Faith Wood knows how to resolve conflict. Her years in front-line law enforcement taught her how to effectively de-escalate any situation to a successful conclusion. Faith will use her knowledge of conflict management to guide you through the often stressful experiences you may encounter in your personal or professional life. Her Conflict Coach column appears regularly.
Question: I’m working on a group project and am so frustrated with one of the team members. Instead of sharing collaboratively, this individual has been taking all the credit for himself. Recently, he turned in my data with his and made it sound like he alone has worked on the project.
I’m trying to be professional about all this, but it’s getting under my skin. What does one do when being provoked with such undermining and discrediting behaviours?
Answer: This question leaves me asking a few of my own:
- Has he previously had an experience with you where he felt he wasn’t given credit for his work?
- Is there a promotion opportunity hanging on this project that would motivate him to want to be seen as the more valuable contributor?
Regardless of those questions, I empathize with you. Finding out that someone is taking credit for your hard work and ideas can generate resentment. No one wants others to take all the glory (or the promotions) for a group project you spent an inordinate amount of time on. Perhaps this is the struggle with all group projects, from grade school to retirement.
When credit-stealing happens, your first instinct may be to broadcast the blatant injustice. However, it’s important not to lose your cool – for the sake of your career. A public outcry can backfire monumentally, leaving you looking like an angry toddler. Others may believe you’re a hothead who’s not worth the effort in the future.
Robert Enright, a professor of Educational Psychology at the University of Wisconsin-Madison, believes resentment is an unhealthy response to injustice. He suggests resentment is like an unwelcome house guest who refuses to leave; eventually, it consumes your thoughts and distracts you from more important things.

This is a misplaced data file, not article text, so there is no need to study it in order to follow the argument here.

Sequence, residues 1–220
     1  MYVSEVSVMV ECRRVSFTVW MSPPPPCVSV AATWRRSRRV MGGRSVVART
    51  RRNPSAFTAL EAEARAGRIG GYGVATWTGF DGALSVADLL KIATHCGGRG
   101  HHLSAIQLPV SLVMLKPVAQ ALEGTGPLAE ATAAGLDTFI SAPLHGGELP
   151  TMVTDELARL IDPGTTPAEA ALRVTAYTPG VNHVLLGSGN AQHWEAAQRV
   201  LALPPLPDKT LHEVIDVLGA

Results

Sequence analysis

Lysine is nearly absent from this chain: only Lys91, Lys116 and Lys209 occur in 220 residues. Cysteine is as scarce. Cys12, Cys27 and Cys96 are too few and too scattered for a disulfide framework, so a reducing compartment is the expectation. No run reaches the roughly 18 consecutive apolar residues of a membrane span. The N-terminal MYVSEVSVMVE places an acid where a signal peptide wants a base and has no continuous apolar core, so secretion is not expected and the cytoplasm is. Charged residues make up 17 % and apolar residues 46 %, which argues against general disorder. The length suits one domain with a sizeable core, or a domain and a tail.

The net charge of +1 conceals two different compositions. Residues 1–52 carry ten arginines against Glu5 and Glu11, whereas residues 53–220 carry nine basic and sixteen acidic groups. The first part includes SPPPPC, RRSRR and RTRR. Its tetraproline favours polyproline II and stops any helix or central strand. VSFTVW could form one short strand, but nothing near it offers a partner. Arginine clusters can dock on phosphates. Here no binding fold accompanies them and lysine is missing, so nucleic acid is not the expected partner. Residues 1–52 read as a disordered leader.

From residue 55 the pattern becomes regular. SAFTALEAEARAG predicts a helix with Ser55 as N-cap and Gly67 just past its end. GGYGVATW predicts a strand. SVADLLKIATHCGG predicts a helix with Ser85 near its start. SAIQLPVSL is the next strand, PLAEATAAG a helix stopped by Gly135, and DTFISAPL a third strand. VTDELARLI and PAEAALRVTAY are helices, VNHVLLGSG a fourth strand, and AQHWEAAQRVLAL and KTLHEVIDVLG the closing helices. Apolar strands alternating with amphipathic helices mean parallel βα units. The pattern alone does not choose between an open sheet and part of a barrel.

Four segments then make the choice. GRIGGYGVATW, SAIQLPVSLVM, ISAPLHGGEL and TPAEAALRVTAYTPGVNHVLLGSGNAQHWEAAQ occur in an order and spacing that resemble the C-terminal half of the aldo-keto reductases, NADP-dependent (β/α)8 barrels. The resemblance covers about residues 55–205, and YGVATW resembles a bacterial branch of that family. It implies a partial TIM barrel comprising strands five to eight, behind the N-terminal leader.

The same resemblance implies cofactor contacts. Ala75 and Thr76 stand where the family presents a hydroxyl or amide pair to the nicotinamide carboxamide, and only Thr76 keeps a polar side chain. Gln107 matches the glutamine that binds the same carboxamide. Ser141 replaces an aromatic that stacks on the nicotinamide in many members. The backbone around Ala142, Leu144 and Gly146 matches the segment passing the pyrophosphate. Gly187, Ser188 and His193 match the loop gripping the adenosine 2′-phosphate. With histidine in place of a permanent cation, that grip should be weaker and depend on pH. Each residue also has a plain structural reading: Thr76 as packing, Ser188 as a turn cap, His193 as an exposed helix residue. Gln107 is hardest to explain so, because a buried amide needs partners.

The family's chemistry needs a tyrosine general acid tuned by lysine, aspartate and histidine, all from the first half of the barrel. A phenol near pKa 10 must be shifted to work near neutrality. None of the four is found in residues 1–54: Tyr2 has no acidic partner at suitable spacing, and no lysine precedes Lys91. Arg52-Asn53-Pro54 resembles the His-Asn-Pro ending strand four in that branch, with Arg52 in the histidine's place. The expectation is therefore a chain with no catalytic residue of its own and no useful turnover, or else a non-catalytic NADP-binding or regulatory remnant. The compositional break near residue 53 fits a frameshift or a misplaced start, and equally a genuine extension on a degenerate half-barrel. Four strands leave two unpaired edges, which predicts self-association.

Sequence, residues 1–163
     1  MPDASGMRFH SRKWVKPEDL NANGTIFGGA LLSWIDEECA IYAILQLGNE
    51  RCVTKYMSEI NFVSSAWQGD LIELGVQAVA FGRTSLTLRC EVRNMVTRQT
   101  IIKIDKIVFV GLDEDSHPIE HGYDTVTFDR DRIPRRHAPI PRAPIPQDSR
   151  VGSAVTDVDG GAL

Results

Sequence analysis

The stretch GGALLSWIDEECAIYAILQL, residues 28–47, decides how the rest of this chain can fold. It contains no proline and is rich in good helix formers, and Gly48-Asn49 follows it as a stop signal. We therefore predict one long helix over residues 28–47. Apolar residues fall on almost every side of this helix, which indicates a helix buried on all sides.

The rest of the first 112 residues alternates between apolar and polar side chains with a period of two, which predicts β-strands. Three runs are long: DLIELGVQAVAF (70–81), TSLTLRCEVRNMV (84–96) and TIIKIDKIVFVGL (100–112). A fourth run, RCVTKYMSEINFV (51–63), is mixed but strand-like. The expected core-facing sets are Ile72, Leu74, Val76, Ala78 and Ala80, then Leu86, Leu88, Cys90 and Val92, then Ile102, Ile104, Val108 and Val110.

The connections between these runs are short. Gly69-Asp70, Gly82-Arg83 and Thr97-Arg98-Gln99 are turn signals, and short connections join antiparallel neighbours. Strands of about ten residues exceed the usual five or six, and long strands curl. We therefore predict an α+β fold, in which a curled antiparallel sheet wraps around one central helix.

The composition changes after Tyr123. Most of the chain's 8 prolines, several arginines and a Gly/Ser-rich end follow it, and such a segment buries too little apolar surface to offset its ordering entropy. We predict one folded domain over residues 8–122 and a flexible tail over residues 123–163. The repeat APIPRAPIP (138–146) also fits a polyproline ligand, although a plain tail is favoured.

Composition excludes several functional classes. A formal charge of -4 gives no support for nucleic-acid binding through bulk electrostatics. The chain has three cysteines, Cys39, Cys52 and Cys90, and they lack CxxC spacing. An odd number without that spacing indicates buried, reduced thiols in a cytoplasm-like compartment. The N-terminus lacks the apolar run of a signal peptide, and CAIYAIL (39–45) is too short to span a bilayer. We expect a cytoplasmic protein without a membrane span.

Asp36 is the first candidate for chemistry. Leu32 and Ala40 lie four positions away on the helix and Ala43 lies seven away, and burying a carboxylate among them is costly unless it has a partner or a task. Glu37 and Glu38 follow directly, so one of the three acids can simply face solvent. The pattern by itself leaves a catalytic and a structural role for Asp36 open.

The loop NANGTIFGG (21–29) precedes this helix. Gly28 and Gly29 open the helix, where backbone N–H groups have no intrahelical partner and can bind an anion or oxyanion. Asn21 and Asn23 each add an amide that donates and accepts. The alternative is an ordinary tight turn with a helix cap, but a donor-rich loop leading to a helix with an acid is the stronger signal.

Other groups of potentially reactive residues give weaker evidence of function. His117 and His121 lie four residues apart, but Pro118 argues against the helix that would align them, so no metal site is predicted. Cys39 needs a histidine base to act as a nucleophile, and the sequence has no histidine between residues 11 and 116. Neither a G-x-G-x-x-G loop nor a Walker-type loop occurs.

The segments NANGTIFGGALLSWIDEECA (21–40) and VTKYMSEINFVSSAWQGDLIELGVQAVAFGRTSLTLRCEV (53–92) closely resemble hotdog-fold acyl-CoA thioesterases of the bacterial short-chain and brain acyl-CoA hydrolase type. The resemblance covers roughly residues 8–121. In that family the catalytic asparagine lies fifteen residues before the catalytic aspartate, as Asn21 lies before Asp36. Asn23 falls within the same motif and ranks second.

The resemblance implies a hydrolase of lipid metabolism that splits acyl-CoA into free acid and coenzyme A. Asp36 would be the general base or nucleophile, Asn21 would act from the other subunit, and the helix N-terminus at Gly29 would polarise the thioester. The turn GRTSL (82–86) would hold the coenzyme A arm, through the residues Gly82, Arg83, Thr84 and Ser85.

So what’s a person to do?
Ask yourself if you’re being objective. This resentment over being mistreated may not be what it seems. Technology can fail, and omissions aren’t always deliberate or intentional. Begin by asking questions of the credit-stealer about how the omission occurred rather than going on the attack.
When you next meet as a group to discuss the project, you might be able to introduce key intelligence or questions that make it obvious you were part of the research. This will help the leader deduce that the project was most certainly more of a group effort than they may have been led to believe.
If people keep taking credit from you – or you think they are – make sure you’re not guilty of doing the same thing, even unwittingly. Practise attributing credit to source in every situation – including sound bytes. By consistently modelling what good credit sharing looks and sounds like, you can subtly shame others for not doing it. This helps to keep your professional integrity on display. And it will build trust with others.
Ultimately, you can defeat credit-stealers by making it clear who did what, so make sure your contributions are known to those around you and above you. And if credit-stealers persist, enlist your friends and colleagues to stand up on your behalf.
Faith Wood is a novelist and professional speaker who focuses on helping groups and individuals navigate conflict, shift perceptions and improve communications. For interview requests, click here.
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